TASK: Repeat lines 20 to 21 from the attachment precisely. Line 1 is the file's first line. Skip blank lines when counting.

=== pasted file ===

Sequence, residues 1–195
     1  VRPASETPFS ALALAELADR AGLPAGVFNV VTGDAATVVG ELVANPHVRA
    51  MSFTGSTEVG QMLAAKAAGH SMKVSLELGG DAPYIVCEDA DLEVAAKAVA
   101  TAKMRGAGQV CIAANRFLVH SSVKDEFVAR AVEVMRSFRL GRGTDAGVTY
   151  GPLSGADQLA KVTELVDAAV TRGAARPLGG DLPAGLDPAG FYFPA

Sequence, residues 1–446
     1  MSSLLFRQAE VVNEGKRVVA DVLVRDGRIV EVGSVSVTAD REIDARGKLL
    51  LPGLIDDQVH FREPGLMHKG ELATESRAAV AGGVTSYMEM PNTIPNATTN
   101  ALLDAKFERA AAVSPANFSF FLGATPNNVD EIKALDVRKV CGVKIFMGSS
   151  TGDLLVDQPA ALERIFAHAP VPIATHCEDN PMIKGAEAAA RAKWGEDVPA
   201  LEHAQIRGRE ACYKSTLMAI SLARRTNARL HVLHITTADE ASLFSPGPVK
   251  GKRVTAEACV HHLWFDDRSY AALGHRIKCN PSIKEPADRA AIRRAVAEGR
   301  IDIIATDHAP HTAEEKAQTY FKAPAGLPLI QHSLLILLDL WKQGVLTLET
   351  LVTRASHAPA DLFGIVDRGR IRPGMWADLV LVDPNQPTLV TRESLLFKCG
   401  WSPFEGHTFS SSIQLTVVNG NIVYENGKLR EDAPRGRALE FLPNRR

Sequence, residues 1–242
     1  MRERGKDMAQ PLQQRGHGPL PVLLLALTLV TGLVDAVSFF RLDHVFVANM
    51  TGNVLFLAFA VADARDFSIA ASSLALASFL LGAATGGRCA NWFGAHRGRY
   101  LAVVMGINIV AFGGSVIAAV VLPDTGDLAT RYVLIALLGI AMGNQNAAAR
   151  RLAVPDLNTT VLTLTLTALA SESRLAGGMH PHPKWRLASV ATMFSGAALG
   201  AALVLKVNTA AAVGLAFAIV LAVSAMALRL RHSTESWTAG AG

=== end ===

   151  RLAVPDLNTT VLTLTLTALA SESRLAGGMH PHPKWRLASV ATMFSGAALG
   201  AALVLKVNTA AAVGLAFAIV LAVSAMALRL RHSTESWTAG AG